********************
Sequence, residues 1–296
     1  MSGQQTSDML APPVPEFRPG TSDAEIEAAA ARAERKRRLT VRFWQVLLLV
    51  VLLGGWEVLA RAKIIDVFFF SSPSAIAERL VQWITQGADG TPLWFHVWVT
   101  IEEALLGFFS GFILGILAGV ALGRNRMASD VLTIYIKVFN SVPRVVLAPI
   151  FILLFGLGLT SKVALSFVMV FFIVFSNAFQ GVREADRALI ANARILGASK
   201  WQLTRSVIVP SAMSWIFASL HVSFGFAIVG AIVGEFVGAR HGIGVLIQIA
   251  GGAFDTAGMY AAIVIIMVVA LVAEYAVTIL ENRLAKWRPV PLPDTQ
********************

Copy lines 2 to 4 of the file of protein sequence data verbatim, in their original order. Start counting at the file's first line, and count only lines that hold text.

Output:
     1  MSGQQTSDML APPVPEFRPG TSDAEIEAAA ARAERKRRLT VRFWQVLLLV
    51  VLLGGWEVLA RAKIIDVFFF SSPSAIAERL VQWITQGADG TPLWFHVWVT
   101  IEEALLGFFS GFILGILAGV ALGRNRMASD VLTIYIKVFN SVPRVVLAPI